Apples

In the orchard, there are piles of apples below the trees in varying states of decay. Dropped heavy from limbs or discarded by impatient children, the fruit’s a riot of red and pinks pooling around trunks. The small boy goes ahead of me down the narrow grass-lined path between the trees, leaves overhead rippling in wind, his skin dappled in sunlight and shadow. His hair needs cutting and his boot is broken; there’s a hole in the pocket of my worn once sweater and I’m limping from where he landed yesterday on my toes, yet neither of us care all that much about any of this right now. Because here the air smells sweet, the broken apples a kind of perfume, and he is running again.

He is always running. It seems to me he was born like this, full of swift movement and such rare stillness. In this he is not like me at all. I want him to hold here, to stop and breathe. To learn to just look. To wonder about those piles of apples, those red, blushed carpets beneath the trees, blown by wind or gravity or hand. To ask, what do they feed now? If fallen, they are still food. If they ferment in sun. If little flies lift off from them drunkenly, haphazardly flying against wind, or if they instead loiter and linger, settle where edge of smooth apple skin has given way to rot, to puckering, to hole. To wonder if at night there are deer that wander silently among the trees eating the ones that have fallen. If the deer are so quiet they might have been nothing but ghosts, or the dreams of deer someone once had, hoof beats against a moonlit sky. But he is four, and he is fast, and here, that is all that matters, the way the feet move amongst the trees, around the apples and up the silent orchard lane, as if he is the ghost deer chased now, flushed from thicket of leaves into bright and sudden light.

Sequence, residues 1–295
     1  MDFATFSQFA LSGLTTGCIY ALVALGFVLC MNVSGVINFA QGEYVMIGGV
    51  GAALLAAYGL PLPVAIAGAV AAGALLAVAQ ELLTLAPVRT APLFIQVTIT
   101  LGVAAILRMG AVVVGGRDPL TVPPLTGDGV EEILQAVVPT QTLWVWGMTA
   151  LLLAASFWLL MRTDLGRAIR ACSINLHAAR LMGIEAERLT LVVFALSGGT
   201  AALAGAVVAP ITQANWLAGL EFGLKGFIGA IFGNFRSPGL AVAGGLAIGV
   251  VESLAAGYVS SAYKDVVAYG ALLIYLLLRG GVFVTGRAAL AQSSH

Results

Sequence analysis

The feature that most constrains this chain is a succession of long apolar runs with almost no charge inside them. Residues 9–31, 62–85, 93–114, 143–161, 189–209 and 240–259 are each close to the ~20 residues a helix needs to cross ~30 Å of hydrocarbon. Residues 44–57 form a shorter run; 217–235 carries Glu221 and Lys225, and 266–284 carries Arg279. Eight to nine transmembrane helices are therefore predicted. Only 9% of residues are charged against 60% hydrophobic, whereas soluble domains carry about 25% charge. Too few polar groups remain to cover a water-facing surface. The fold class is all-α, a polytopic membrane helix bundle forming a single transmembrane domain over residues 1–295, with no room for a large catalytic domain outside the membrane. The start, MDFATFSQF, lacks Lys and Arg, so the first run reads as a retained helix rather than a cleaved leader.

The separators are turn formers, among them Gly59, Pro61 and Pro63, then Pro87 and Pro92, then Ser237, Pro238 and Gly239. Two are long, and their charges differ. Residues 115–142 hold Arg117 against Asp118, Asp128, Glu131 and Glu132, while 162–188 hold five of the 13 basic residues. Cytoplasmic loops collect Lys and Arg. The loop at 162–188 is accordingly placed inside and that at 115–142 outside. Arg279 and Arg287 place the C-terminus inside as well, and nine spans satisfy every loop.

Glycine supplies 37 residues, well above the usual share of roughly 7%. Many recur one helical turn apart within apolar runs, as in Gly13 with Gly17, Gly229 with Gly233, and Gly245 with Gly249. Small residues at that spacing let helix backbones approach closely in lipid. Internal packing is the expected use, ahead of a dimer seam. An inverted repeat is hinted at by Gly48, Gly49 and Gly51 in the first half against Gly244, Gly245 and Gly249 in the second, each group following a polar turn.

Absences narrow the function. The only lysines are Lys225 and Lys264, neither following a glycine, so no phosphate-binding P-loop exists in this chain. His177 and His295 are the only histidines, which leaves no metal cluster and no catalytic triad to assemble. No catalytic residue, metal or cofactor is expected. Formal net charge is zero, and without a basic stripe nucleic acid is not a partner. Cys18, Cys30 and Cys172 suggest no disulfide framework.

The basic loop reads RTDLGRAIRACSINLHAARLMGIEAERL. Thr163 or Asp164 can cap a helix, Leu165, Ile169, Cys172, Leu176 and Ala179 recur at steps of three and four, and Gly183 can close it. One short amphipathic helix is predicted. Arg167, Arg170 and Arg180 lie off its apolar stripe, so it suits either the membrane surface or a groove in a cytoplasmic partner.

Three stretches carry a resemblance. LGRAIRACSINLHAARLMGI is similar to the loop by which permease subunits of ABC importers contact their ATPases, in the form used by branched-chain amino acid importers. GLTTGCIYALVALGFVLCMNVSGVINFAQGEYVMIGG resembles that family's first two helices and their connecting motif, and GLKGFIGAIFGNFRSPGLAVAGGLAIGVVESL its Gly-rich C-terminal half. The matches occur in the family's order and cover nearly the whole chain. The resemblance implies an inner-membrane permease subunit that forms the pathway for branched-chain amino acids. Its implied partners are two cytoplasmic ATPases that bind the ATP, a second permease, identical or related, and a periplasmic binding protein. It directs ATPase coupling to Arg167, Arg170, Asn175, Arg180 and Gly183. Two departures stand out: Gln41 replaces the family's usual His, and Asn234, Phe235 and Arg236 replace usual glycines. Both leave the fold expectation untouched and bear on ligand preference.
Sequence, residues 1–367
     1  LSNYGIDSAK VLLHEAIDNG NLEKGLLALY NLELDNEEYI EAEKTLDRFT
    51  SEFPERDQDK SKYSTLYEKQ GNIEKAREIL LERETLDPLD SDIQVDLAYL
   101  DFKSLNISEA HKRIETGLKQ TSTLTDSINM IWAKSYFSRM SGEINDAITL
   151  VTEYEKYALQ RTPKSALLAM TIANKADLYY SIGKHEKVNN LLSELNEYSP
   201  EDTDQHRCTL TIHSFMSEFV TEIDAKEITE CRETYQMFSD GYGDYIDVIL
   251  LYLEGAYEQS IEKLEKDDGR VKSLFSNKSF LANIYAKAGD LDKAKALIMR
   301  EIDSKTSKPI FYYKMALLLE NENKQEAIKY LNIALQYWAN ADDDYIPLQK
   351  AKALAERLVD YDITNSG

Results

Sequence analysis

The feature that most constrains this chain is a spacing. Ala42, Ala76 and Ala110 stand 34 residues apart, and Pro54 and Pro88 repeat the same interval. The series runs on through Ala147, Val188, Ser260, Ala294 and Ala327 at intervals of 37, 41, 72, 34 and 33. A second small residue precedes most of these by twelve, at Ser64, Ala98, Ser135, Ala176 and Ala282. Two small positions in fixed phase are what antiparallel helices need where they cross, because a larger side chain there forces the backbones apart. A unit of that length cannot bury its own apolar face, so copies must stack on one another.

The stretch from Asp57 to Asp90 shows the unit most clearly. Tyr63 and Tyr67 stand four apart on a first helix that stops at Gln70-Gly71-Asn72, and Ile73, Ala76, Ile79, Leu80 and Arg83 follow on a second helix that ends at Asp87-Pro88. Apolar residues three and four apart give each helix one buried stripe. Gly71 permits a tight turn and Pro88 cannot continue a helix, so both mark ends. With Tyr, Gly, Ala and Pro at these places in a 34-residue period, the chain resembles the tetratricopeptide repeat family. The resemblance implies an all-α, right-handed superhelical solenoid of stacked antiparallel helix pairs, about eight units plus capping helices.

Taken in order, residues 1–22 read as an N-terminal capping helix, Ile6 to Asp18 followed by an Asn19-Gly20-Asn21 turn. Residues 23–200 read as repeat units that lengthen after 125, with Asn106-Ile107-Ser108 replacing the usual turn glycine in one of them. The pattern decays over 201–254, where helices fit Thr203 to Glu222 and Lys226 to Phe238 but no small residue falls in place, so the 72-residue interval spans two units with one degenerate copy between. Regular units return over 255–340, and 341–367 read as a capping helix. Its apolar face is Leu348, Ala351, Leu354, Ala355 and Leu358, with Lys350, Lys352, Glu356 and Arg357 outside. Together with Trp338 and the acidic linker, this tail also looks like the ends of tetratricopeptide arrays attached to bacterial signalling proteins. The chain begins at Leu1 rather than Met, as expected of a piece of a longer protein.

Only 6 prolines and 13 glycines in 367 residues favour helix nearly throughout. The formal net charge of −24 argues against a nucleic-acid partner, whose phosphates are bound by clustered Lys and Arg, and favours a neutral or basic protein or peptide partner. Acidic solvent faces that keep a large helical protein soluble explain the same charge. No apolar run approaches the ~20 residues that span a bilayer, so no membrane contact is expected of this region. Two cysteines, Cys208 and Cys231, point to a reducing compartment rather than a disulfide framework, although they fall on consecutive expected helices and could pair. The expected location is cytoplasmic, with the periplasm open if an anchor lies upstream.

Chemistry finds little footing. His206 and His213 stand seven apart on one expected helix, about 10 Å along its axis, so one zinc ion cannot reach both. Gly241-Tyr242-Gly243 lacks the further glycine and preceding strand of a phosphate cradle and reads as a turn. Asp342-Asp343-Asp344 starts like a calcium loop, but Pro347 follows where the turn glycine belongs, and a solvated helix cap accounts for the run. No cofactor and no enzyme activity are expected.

So instead it is me who stops in the shade of orchard trees, autumn air in lungs and hair and mouth. Me who listens to my heart, apple bright, steadily beating. Me who feels my arms, full of apples.

Like they had once been, heavy and sweet, when full of him.

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